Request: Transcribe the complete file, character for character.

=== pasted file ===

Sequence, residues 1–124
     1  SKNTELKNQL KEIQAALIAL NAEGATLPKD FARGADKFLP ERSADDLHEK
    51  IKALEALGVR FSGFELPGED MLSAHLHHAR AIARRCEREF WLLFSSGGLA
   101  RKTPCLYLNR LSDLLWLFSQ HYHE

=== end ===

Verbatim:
Sequence, residues 1–124
     1  SKNTELKNQL KEIQAALIAL NAEGATLPKD FARGADKFLP ERSADDLHEK
    51  IKALEALGVR FSGFELPGED MLSAHLHHAR AIARRCEREF WLLFSSGGLA
   101  RKTPCLYLNR LSDLLWLFSQ HYHE